The decrease in Iτ(d) is substantially exponential with distance d as light from light pulse 50 is absorbed and scattered by the material in soft tissue region 26. The rate of decrease of Iτ(d) with d is determined by an “extinction” coefficient which is a function of the absorption coefficient and a reduced scattering coefficient of light at target wavelength λτ. The reduced scattering coefficient for light at a given wavelength is equal to the scattering coefficient of the light corrected for angular anisotropy in scattering of the light. If αS is the scattering coefficient and α′S the reduced scattering coefficient, then α′S is conventionally written as α′S=(1−g)αS. In the expression for α′S, g is a function of the anisotropy and is a number greater than or equal to 0 and less than 1. Assume, by way of example, that the absorption coefficient in soft tissue region 26 is substantially equal to the absorption coefficient a(λτ,T) in target region 22 for all locations in the soft tissue region. Let α′Sτ,T) represent the reduced scattering coefficient and let αEτ,T) represent the extinction coefficient for light of wavelength λτ in soft tissue region 26. For distances d from entry point 54 greater than about two mean free paths of photons having wavelength λτ in target region 26, αEτ,T) may be approximated by the expression αE(λτ,T=√{square root over (3α(λ τ T)(α(λ τ T)+α S′ τ )))} and I τ(d)=Io τexp(−αEτ,T)d), where I is a constant.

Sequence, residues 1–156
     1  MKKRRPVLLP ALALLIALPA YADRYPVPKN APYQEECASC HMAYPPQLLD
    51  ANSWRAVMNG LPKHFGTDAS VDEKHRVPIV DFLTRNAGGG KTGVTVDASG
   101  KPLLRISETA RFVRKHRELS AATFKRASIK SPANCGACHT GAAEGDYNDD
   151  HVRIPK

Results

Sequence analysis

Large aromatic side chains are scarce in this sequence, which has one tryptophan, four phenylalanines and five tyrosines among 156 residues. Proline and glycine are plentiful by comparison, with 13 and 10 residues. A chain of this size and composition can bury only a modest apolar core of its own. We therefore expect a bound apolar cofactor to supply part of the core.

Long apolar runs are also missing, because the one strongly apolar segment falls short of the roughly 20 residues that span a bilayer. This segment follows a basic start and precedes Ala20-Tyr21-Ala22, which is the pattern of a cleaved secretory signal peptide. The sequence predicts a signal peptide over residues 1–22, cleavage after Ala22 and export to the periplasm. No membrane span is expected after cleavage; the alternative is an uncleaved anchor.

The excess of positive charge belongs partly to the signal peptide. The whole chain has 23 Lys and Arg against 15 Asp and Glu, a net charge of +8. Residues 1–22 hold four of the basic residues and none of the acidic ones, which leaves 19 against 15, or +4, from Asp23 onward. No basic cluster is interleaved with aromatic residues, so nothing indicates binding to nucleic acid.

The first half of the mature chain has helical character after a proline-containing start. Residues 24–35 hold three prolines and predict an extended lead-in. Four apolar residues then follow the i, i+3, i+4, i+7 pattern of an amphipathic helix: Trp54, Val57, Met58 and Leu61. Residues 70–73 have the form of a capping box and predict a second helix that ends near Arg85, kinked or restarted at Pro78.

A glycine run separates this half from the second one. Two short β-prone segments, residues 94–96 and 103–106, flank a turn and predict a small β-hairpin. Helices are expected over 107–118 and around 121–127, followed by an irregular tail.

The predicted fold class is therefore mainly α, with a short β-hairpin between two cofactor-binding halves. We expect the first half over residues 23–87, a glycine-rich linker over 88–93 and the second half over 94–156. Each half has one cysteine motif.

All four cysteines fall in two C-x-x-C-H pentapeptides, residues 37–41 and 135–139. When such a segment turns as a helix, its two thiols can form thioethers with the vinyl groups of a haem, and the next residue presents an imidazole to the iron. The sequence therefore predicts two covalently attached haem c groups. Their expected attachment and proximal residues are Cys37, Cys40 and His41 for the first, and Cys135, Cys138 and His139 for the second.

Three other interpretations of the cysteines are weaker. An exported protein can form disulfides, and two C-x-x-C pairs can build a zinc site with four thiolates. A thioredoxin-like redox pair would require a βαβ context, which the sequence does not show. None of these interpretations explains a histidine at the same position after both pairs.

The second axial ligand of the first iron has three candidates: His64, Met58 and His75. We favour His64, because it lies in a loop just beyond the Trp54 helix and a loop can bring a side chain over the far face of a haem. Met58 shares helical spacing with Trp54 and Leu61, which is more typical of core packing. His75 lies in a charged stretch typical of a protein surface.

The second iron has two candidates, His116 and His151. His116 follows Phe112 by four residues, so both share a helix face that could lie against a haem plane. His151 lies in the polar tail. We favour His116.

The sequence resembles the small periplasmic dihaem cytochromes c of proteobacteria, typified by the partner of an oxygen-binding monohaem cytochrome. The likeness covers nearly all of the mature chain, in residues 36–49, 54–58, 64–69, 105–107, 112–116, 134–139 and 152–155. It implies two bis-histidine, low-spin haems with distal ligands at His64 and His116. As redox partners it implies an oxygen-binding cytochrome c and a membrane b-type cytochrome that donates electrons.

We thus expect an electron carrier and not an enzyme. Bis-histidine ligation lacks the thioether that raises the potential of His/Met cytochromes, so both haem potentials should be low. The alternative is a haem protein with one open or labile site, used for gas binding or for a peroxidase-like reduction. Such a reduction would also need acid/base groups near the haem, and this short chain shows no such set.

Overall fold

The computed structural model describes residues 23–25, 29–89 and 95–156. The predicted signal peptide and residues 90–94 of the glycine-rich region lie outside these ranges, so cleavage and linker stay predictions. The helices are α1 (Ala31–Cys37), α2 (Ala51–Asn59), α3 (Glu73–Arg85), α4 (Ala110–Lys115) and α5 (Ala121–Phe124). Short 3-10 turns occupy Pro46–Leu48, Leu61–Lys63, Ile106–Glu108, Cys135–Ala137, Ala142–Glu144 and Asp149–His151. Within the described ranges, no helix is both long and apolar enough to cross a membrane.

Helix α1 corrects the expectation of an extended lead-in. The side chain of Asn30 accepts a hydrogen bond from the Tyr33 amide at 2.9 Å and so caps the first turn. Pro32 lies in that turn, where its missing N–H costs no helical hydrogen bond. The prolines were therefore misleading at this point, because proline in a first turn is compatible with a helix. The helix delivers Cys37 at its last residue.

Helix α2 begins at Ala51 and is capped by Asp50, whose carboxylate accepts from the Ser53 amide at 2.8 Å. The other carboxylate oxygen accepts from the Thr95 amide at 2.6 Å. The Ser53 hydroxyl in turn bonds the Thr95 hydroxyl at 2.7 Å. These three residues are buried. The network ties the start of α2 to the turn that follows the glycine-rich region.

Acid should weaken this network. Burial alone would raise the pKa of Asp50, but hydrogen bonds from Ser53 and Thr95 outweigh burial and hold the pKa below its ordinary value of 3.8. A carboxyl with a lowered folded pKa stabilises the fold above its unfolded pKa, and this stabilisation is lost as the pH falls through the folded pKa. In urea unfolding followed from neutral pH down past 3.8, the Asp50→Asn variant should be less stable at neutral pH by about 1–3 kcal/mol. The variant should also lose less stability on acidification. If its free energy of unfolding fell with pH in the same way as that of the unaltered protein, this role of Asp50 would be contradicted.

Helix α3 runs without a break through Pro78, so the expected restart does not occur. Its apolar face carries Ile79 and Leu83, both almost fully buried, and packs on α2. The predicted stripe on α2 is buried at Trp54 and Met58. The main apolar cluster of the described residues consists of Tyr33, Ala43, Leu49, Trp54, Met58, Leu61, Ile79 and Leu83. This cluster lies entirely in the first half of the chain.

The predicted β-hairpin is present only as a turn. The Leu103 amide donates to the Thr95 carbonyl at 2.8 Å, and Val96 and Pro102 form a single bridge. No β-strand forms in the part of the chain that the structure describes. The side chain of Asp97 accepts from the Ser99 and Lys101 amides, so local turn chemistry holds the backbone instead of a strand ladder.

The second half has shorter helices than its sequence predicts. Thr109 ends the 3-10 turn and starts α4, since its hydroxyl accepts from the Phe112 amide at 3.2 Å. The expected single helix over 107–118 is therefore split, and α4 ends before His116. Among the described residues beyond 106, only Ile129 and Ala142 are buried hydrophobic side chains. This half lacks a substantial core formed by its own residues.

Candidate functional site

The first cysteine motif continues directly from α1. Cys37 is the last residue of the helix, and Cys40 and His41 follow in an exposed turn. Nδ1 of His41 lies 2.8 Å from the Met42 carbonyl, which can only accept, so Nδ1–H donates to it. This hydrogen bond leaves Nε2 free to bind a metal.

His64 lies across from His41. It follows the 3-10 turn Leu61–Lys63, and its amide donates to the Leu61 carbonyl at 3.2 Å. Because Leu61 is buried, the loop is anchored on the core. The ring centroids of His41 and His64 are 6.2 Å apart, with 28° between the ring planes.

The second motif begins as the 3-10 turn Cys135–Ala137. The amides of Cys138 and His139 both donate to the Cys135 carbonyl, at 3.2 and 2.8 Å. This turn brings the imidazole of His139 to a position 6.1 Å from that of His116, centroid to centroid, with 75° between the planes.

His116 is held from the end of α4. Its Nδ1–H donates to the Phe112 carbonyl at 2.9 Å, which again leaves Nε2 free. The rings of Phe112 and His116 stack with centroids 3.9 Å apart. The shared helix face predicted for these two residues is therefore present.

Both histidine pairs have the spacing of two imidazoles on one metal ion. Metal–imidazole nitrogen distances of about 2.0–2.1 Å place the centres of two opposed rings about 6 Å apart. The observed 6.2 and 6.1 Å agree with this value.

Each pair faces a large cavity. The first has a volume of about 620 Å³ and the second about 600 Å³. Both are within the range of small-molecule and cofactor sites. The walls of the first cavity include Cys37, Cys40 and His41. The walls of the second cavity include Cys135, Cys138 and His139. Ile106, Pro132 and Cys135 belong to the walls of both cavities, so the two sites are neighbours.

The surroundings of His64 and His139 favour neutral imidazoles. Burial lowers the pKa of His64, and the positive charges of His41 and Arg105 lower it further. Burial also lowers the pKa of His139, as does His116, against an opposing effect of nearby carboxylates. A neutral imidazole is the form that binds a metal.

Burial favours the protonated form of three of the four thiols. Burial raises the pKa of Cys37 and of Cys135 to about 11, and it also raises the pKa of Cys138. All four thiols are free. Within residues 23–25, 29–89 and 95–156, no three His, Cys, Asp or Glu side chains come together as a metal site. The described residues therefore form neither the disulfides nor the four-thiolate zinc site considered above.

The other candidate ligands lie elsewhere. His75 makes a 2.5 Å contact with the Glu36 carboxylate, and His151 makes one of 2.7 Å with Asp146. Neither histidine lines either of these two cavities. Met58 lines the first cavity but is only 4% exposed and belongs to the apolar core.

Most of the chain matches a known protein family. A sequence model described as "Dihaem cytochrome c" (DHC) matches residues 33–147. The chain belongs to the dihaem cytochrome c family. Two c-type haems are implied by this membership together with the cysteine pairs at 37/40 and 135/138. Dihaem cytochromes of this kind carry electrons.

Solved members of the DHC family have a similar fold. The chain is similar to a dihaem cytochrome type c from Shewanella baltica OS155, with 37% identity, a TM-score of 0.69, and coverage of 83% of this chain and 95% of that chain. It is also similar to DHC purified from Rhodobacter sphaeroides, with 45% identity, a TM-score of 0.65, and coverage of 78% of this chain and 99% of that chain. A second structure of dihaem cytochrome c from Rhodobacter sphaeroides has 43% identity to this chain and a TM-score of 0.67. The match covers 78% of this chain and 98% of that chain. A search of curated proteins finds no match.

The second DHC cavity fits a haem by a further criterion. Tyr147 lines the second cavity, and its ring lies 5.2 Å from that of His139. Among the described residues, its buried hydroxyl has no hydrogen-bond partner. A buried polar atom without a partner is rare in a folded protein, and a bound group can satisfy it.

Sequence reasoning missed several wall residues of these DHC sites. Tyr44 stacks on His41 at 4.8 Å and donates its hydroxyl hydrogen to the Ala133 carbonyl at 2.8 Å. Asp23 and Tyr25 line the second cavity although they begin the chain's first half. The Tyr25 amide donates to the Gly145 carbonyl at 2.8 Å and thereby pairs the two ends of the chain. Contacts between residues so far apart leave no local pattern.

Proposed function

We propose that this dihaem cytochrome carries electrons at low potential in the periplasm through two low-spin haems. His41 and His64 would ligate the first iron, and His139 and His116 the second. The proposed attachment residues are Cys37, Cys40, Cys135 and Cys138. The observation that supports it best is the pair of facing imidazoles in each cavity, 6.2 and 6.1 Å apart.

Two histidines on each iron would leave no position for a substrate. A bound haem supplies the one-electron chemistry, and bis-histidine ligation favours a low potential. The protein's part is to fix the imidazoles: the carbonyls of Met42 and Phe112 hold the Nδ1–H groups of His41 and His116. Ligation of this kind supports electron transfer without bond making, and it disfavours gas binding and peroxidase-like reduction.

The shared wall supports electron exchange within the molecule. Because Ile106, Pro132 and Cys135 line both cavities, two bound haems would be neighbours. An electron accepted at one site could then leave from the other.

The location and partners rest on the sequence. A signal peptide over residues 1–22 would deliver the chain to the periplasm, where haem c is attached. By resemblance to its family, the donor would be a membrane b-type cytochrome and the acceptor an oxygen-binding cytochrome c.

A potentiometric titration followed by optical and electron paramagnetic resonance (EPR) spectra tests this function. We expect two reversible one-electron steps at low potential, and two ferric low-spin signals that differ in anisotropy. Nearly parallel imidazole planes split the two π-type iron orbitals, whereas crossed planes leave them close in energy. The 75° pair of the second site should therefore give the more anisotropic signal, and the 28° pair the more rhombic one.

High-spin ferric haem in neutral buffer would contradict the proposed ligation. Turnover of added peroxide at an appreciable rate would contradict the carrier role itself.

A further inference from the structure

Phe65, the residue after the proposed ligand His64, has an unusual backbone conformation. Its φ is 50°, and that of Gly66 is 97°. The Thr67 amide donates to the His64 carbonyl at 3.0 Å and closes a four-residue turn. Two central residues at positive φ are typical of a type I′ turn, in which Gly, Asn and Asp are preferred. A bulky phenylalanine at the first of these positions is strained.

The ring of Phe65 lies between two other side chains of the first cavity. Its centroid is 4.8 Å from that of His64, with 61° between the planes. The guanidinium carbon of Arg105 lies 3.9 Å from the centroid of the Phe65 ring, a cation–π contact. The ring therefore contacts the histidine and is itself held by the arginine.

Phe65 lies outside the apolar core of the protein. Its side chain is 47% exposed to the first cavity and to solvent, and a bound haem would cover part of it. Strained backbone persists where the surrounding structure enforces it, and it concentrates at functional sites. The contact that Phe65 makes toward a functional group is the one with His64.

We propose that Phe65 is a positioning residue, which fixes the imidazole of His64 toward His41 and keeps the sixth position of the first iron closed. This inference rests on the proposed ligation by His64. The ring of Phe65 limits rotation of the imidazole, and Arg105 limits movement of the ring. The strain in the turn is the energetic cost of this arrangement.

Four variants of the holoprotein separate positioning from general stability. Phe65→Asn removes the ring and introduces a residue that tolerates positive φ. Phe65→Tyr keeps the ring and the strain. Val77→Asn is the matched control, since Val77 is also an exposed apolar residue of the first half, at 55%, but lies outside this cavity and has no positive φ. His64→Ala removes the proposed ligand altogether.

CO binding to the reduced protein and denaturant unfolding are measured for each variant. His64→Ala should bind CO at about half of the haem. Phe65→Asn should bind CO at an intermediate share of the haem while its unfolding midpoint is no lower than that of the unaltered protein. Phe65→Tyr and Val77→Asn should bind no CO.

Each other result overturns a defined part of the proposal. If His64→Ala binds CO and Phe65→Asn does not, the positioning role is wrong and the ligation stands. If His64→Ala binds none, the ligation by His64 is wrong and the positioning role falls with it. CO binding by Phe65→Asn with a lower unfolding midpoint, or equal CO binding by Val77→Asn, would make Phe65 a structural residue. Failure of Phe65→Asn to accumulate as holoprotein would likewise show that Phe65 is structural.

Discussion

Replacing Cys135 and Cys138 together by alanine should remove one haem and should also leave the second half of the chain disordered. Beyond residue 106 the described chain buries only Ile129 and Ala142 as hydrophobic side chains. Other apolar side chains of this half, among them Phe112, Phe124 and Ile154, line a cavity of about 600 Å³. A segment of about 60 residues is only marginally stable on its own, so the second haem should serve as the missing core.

αEτ,T) can be determined from a rate of decrease of P(λτ,t) determined from measurements of P(λτ,t) acquired for a plurality of distances d (i.e. corresponding times t) in soft tissue region 26. However, it is generally not possible to determine α(λτ,T) from such measurements since generally αS′τ,T) is not known. Whereas a value for the target light absorption coefficient α(λτ,T) in target region 22 is not required to determine xg from equation (11), a value for the reference absorption coefficient α(λρ,T) in target region 22 is required. And while it is generally not possible to determine α(λτ,T) from a rate of decrease of P(λρ,t) with distance in target region 22 it is possible to determine α(λρ,T) from a rate of decrease of P(λρ,t) with distance in the target region 22.

As noted above, in accordance with an embodiment of the invention, reference light λρ is chosen so that the scattering coefficient for the reference light in target region 22 is substantially smaller than the absorption coefficient and/or the scattering coefficient is known. As a result, αEρ,T)≅α(λρ,T) and the absorption coefficient for reference light λρ in target region 22 may be determined from the extinction coefficient for reference light in the target region, which in turn may be determined from a rate of decrease of P(λρ,t) in the target region.

In addition to determining a value for α(λρ,T), a value for ( α ( λ τ , R ) α ( λ ρ , R ) )
and a value for the sum j σ j ( λ τ ) x j
in the term ( j σ j ( λ τ ) x j σ g ( λ τ ) )
must be determined to determine glucose concentration xg from equation (11) (the cross section σgτ) is known). In some embodiments of the invention, ( α ( λ τ , R ) α ( λ ρ , R ) )
is known from characteristics of material from which artificial implant 28 is formed. In some embodiments of the invention, ( α ( λ τ , R ) α ( λ ρ , R ) )
is determined in a calibration procedure such as the calibration procedure used to determine the sum j σ j ( λ τ ) x j
discussed below.